But working in social services can be challenging, especially when it comes to providing young people with services, then sending them back into the same environment that caused the need.

Acquavita agrees that working on a daily basis with kids who have endured extreme hardships at such a young age can be heart wrenching. She emphasizes the importance of having students work with mentors in the field in order to see the impact they can have on these children’s lives and recognize their actions can make a difference.

“It can be a stressful population to work with if you don’t have proper training or support,” Acquavita says. “Because some of these cases can be so sad with all these kids have gone through. So we really just want our students to be prepared to be able to do everything they practiced. We’re just really trying to really provide a lot of support in this portion.”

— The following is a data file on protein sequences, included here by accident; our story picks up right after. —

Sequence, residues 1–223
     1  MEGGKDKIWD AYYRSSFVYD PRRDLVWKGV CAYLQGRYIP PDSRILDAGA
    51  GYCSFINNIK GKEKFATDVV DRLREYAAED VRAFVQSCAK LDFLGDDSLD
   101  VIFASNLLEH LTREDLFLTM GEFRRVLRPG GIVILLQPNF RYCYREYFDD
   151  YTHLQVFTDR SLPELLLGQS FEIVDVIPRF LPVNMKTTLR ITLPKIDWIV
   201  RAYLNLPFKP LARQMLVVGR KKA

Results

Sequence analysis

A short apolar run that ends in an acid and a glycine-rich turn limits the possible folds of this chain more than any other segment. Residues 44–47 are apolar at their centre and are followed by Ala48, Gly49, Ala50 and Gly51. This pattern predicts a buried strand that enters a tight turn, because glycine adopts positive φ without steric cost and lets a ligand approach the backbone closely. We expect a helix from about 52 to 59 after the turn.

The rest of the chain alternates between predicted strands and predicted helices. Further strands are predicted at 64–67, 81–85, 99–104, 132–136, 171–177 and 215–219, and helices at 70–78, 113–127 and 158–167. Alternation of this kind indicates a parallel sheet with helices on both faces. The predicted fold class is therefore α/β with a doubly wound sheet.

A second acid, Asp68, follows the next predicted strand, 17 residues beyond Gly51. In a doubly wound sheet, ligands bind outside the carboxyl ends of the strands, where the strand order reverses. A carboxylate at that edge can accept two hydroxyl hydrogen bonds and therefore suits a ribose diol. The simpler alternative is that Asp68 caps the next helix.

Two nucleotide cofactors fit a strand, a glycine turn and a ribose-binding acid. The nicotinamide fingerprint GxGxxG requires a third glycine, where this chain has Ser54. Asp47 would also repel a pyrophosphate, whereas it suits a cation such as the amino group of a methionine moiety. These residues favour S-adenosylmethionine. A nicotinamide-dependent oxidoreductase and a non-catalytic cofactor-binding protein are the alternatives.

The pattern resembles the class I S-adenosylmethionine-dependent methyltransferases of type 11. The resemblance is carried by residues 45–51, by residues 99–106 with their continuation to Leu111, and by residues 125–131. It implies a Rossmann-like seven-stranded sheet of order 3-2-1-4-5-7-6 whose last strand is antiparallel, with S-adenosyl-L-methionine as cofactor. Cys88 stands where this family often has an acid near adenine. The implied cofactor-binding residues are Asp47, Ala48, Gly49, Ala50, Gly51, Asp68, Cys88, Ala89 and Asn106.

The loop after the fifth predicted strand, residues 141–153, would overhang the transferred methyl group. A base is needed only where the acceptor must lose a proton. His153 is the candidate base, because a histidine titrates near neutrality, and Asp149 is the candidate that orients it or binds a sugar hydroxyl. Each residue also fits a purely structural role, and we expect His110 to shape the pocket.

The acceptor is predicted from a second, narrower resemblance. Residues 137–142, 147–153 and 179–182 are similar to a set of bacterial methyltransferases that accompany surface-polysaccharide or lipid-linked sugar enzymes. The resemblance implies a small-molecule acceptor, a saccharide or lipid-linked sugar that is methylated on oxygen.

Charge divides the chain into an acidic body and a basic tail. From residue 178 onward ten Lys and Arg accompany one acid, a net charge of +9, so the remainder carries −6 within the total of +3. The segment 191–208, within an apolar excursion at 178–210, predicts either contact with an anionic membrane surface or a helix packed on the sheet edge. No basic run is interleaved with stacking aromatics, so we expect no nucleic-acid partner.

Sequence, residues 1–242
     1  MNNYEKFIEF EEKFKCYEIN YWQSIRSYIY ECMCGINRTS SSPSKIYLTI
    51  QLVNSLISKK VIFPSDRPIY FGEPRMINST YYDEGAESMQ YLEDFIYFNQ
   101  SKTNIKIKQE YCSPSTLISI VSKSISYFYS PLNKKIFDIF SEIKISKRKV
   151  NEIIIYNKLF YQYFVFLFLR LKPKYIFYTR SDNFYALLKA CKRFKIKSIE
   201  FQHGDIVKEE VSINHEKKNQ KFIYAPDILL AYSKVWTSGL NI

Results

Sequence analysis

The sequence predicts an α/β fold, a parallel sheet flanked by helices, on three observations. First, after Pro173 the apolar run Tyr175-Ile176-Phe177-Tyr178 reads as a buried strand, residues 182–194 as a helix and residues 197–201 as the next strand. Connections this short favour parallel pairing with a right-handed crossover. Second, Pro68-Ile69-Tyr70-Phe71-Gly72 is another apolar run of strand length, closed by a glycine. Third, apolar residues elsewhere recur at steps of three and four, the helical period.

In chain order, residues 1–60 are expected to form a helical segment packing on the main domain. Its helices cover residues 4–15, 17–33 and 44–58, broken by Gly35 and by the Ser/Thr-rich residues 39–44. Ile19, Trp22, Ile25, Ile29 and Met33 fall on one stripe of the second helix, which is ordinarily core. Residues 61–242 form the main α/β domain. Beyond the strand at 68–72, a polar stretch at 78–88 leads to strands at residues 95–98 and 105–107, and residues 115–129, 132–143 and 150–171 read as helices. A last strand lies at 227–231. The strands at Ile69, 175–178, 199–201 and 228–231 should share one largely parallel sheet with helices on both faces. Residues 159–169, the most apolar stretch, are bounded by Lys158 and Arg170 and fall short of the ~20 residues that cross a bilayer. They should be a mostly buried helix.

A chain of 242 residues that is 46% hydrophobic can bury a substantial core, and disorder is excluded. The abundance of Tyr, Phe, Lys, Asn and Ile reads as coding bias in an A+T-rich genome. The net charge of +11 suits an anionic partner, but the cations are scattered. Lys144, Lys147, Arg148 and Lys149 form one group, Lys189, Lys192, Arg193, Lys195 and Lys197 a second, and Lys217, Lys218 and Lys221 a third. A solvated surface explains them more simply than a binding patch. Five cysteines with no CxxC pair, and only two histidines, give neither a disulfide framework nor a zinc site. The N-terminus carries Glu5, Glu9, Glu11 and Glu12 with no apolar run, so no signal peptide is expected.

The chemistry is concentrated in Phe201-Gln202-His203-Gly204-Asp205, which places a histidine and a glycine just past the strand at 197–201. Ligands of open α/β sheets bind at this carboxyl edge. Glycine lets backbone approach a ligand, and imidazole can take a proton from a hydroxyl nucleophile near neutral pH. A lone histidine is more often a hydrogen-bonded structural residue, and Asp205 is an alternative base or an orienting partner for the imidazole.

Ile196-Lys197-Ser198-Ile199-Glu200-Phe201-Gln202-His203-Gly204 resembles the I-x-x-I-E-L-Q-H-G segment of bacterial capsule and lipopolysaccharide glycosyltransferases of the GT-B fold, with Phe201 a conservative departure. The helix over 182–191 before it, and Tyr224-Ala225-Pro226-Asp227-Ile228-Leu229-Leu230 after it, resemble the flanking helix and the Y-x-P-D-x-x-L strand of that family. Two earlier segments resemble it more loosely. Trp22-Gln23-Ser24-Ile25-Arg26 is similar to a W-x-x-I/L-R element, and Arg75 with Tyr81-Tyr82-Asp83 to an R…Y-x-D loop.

At Lighthouse, support comes in a variety of forms. In addition to providing mental health, substance abuse and family counseling either onsite or through home-based services, Taylor says Lighthouse stations social workers at local schools to keep at-risk kids from going unnoticed. He says schools often provide the sole point of contact for children to get the help they need.

“For instance, Western Hills [High School] is one of the infamous underperforming schools that has a lot of behavioral and disciplinary issues,” Taylor says, “so we have three staff members that are actually stationed there though our school-based and community-based wrap around services.”